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My life with Buffalo Bill;

Author: Dan Muller
Publisher: Chicago, Reilly & Lee [1948]
Edition/Format:   Print book : Biography : EnglishView all editions and formats
Summary:
Muller's father had been a friend of Bill Cody; when he was orphaned at nine, Muller went to live in the Cody household for 20 years. An intimate portrait, and autobiographical adventure, with many professional quality line drawings by the author.
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Genre/Form: Autobiographies
Nonfiction
Additional Physical Format: Online version:
Muller, Dan, 1888-1976.
My life with Buffalo Bill.
Chicago, Reilly & Lee [1948]
(OCoLC)883635633
Named Person: Buffalo Bill; Buffalo Bill
Material Type: Biography
Document Type: Book
All Authors / Contributors: Dan Muller
OCLC Number: 1371054
Description: 303 pages illustrations, map (on lining-papers) 23 cm
Contents: A last look at the Cross-Up --
Alone --
Scout's Rest --
Uncle Bill arrives --
An unwilling scholar --
A Cody Christmas --
Back to Ma --
A young cowboy at sea --
Uncle Bill and I shake on it --
I become a trouper --
Suspicions start --
We show in Europe --
Cody vs Cody --
Sagebrush cavalier --
No time for grief --
Cowboy bellhop --
I pick my own poison --
To close to death --
The Colonel gives advice and takes it --
With Pawnee Bill and his camels --
From sawdust to sagebrush --
Tammen gets his foot in the door --
The auctioneer calls --
The Sioux's last stand in cinema --
A tired promoter without backers --
Faltering giant --
On Lookout Mountain lies a grave. Illustrations: Ma's blue eyes were moist and her grasp on my shoulder tightened fiercely --
"Is this cowboy going on my himself?" --
The kind lady saw me working on it and she came and gave me a hand --
She put it on a plate and turned --
"Kin the Colonel shoot! Kin a fish swim? Kin a bird fly?" --
"Oh!" he said. "You must be Carl Muller's boy. Howdy, son. I'm mighty glad t'see yuh" --
"Did y'ever see an explosion? Well, that there bay jus' exploded" --
"Injun hoss? I asks Grey Eagle. He grunts an' nods" --
The horses kept up a steady, mile-eating pace all the way into town --
Lonnie was shaken loose on the second jump. He hit the ground hard --
I guess I was up before anyone Christmas morning --
I drew a lot of quick pictures of Uncle Bill --
"That's a shame Cody, but your show's a real money maker" --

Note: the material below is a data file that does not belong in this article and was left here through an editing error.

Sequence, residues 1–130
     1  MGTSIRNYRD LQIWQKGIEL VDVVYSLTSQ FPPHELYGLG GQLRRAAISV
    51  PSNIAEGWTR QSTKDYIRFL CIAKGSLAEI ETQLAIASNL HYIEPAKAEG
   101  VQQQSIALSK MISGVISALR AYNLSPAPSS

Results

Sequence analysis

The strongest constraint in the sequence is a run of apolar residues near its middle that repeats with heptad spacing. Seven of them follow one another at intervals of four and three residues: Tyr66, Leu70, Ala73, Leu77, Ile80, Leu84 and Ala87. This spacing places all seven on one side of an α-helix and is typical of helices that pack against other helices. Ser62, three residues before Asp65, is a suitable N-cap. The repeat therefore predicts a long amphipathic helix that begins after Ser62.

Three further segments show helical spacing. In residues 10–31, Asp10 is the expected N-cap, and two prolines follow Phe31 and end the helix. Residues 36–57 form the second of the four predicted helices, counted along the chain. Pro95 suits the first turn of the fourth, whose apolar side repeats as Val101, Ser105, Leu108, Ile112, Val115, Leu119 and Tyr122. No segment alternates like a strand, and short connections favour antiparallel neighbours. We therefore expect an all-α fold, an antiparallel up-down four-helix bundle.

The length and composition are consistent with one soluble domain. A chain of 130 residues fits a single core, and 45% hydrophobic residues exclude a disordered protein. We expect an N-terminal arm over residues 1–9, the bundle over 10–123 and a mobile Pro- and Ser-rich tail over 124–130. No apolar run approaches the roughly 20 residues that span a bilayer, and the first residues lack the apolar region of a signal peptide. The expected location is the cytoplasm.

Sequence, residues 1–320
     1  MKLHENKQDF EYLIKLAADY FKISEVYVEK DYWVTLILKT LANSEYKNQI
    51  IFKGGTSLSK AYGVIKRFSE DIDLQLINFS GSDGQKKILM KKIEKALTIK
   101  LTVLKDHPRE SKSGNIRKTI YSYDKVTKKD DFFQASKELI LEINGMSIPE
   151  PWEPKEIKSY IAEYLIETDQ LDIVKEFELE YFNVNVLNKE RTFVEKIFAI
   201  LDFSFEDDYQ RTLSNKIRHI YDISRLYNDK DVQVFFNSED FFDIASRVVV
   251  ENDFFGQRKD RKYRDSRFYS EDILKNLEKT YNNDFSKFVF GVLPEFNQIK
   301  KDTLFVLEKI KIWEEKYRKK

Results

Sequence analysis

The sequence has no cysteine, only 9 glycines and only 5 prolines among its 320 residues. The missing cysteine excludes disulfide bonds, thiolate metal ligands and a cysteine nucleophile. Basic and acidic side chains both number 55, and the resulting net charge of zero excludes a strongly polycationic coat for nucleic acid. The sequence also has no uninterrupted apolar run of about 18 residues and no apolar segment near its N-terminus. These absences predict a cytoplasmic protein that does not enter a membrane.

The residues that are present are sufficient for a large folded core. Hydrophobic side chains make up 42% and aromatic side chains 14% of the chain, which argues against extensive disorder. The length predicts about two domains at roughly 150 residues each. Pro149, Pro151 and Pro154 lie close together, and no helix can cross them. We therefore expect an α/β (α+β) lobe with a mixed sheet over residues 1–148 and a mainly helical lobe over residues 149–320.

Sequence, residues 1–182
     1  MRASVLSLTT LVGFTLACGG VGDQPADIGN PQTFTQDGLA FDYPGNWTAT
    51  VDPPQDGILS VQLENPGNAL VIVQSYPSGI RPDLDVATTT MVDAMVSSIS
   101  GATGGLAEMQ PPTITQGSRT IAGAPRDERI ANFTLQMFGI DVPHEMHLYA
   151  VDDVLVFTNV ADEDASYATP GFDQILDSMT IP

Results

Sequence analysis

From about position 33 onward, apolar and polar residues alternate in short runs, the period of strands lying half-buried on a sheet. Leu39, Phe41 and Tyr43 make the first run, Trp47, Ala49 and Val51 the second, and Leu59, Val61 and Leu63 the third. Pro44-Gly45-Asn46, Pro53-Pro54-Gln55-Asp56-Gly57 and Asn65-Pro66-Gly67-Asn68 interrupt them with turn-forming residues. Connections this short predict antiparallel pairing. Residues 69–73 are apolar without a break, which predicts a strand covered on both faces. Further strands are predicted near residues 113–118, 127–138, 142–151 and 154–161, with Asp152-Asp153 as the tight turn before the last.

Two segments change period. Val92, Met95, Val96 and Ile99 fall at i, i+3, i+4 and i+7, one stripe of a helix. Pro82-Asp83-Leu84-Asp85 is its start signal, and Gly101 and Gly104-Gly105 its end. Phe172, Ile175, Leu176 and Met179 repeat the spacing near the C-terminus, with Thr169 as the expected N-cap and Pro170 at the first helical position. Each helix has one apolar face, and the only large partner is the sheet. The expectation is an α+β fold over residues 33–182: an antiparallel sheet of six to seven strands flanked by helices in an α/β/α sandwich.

Mick was pretty good at swipin' things off the push carts --
Raidin' Injuns ran off some hosses belongin' t'some nearby ranchers --
My bullet hit the rear Injun, went through him, and into the one in front --
Then he waited for the crowd to quiet before he swept off his now famous Stetson --
Orapeso [Orapeza] showed me many little tricks with the reata --
The poor cow lay on the barn floor and moaned out her pain --
"She poisoned me, I tell yuh" Uncle Bill shouted, rising on an elbow --
Uncle Bill had given him and four kings a wild stagecoach ride --
He beamed at me. "Damn if I don't myself, Dan" --
"It sure ain't doin' him any good," Tammen agreed. "Buffalo Bill is a world-wide institution" --
Of course he was always an easy mark for anyone who asked for help --
The wigmaker assured him that no one would ever know he had on a wig --
"It jus' goes t'show yuh, Dan. If yuh're willin' t'be dirty yuh can get all the money yuh want." --
I threw myself on my knees beside her bed and buried my face in the covers --
I didn't look at him. I was beginning to feel ashamed at having failed to do my job well --
I picked up a ride into town on a freighter's wagon --
He threw back a tuft of his sandy hair and started to play the mouth organ --
"The next time Charley sees 'im, Carl's got the Cross-Up brand on a fine roan gelding" --
Smoky's eyes became mere slits. "Muller," he said, "yuh can't laugh yuhr way out o' this." --
"Where yuh from?" the lawman asked --
Another man, an expectant, fearful look around his eyes, held my horse's head --
Finally Uncle bill smiled. "Do I recollect right? Yuh're nineteen now?" --
"Dan," he would say his eyes pleading, "I'll be sick, boy" --
We went together to Irontail's lodge. His copper-colored face was crinkled with pain --
The hair-wet back was slippery. I felt myself flying through the air --
That was Hightower's moment. He exploded, high, wide, and handsome --
Besides, I got interested in one of the girls on the ranch --
I bought two horses at a livery stable in Denver, and from there I struck out south --
So Uncle Bill signed a note for another $20,000 --
"Oh, Bill," Tammen said, "I thought I'd ask about that note" --
When Isham came to the block I was nearly sick with anger --
I quietly climbed out of my blankets and drew my gun --
"You speak with straight tongue," Irontail commented --
Rheumatism made his mounting of Isham a nightmare --
I learned that cattle and horses are worked differently in the Southwest than they are in the north country --
At last I managed to get up the courage to offer the Colonel the little poke I'd been nursing.
Responsibility: with illus. by the author.

Abstract:

Muller's father had been a friend of Bill Cody; when he was orphaned at nine, Muller went to live in the Cody household for 20 years. An intimate portrait, and autobiographical adventure, with many professional quality line drawings by the author.

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